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Before Rhode Island: Early Peoples and Archaeology

Essay by Pınar Durgun, Visiting Assistant Professor, Joukowsky Institute for Archaeology and the Ancient World, Brown University

Archaeology student digging in ground

Excavation Unit

Read about how archaeologists do their work here

For thousands of years people lived on the land that is today Rhode Island. People were born here, they lived, and died here. They made their living by hunting or growing food, they built houses for themselves and their families, worshipped their deities, taught their children, followed their leaders into war and peace, and mourned for their dead. Until a few hundred years ago, they left us no documents to tell about themselves and their lives. Their history and literature was oral, not written down in books or letters. Yet there is a record of their lives in the objects they used and left behind such as tools, houses, weapons, and sacred objects, and even their trash. Just as we need interpreters to understand the meaning of written documents in another language, we rely on archaeologists to help us interpret the meaning of these objects left behind to understand past lives.

Most of our textual information about the early history of Rhode Island comes from diaries and letters written by early European travelers and settlers. The historical accounts and observations we learn from these texts tell us the stories from the European point of view. The Europeans in many cases did not understand the Indigenous languages, (except a few enthusiastic learners of the languages like Roger Williams), and therefore in some cases they misinterpreted the meanings of Native Peoples’ customs and expressions. But archaeology can help us better understand early Native American cultures by analyzing the objects they made and used. Archaeology in that sense is like “reading” tools, food remains, jewelry, and other ancient remains to understand how people lived, what they ate, what they produced, or traded. However, we should keep in mind that “reading” can also be biased. Archaeologists may have different interpretations of the archaeological remains than Native People today that have learned traditions through oral stories passed down from their ancestors. Many of today’s archaeologists consult with local Native Americans in order to have a more complete understanding of the past.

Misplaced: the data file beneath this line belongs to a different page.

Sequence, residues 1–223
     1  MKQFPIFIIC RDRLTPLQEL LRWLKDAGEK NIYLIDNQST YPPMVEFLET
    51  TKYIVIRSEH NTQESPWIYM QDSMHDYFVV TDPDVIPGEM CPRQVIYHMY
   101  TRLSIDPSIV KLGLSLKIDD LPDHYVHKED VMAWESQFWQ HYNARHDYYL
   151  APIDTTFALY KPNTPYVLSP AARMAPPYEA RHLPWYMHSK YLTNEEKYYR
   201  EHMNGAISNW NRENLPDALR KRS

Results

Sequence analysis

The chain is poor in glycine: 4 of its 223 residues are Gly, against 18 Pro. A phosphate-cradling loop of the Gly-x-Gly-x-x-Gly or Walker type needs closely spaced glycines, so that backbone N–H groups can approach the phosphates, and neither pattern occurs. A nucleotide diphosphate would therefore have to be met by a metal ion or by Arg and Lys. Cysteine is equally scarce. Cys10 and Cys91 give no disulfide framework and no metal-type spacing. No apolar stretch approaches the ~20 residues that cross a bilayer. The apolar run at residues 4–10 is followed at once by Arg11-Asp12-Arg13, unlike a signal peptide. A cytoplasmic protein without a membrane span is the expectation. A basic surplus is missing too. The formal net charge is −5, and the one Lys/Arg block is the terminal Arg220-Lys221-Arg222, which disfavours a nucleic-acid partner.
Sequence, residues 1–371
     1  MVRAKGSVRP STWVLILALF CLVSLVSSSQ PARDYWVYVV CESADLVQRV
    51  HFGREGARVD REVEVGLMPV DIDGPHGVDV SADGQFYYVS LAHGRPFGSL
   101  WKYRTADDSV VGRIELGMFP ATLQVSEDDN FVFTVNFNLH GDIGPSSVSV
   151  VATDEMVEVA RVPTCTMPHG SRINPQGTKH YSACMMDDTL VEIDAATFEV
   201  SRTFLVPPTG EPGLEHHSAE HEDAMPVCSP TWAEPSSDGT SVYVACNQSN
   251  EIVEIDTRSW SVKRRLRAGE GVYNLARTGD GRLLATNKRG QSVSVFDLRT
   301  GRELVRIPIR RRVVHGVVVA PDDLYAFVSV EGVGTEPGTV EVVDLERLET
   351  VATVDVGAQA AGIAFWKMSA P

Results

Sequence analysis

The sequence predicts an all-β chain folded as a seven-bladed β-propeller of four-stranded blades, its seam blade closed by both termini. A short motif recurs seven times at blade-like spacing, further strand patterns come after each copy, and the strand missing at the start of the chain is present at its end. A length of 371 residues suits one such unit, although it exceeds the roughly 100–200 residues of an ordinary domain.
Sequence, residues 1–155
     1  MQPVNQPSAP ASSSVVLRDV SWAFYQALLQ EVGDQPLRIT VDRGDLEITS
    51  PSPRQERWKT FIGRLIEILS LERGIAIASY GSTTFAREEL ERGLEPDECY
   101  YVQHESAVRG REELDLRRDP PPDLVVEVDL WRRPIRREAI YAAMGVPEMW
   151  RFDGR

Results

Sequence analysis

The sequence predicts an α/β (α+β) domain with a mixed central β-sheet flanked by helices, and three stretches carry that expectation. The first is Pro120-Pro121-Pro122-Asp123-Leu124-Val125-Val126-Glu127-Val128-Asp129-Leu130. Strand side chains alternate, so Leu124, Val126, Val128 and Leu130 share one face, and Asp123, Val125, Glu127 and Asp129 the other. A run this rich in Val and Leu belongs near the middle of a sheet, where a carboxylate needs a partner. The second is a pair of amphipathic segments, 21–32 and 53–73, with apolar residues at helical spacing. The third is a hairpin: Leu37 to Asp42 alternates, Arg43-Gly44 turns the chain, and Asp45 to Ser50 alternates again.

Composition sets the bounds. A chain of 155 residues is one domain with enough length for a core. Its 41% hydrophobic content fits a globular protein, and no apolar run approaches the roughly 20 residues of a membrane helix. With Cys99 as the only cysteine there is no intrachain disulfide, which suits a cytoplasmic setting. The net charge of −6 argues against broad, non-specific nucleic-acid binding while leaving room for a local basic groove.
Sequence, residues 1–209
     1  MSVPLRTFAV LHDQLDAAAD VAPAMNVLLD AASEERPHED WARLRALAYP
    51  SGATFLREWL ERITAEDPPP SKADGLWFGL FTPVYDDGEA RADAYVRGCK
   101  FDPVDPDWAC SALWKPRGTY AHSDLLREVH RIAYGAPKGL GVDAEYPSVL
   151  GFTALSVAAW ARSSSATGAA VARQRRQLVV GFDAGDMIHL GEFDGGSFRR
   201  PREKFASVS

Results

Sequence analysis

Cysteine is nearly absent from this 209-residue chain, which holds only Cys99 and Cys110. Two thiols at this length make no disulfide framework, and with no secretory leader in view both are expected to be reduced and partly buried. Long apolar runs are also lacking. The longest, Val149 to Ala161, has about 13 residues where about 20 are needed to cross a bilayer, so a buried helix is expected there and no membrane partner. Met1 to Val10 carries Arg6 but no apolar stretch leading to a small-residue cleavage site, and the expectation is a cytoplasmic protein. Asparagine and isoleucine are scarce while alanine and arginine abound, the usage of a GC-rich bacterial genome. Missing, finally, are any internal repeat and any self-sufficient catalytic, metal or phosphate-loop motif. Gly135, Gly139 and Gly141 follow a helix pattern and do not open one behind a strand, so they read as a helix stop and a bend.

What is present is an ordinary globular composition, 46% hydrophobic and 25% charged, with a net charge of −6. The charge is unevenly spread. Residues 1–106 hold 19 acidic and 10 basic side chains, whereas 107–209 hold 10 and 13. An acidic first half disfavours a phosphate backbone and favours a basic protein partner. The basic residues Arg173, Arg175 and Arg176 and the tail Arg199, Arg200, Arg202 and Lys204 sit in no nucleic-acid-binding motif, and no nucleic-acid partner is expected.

Early peoples of this region


Learn about Indigenous homes here

Geological evidence shows that the glaciers that covered Rhode Island and the rest of North America started to melt around 13,000 years ago.  Gravel and rock moved by the glaciers were left in piles which formed today’s offshore islands.[1] It is possible that there were people living in the area that is now Rhode Island before the glaciers. However, these people’s settlements and material culture would now be buried under the coast or under water, which is why it is difficult for archaeologists to find them. Even in much later times, archaeological sites could be buried deep down by natural or human causes. For example, Providence’s train station sits on what was once the edge of a salt pond, which formed between 3,800 and 2,700 years ago. The pond was filled in during the 18th and 19th centuries as Providence was growing as a city. In 1983, archaeologists removed about six feet of urban fill covering the shore of the pond to get to the level of the original pond.[2]

Stone Knife or Awl

Read about ethical concerns archaeologists must consider in the process of their work here

The changing climate and melting glaciers during this period lead to changes in vegetation and shifts in animal populations. Elk and caribou migrated across the region, moving with the seasons. Even though there are no known archaeological sites in Rhode Island from this period, archaeologists have found hunting tools. The earliest human-made object found in Rhode Island dates back to 10,000 years ago. It is a broken spear point made of stone that would be attached to a wooden spear. This point was found at the South Wind site near Wickford Cove in 1985. The point was surrounded by flakes of stone left by a person who had chipped the flakes off the stone point while making it.  Since the maker left the point with the flakes, it is likely the person was not satisfied with the final product.[3] These earliest Rhode Island peoples were hunters and gatherers.  They hunted animals, fished, and collected clams and berries and other fruits. They did not have permanent settlements and followed grazing herds on which their diet depended.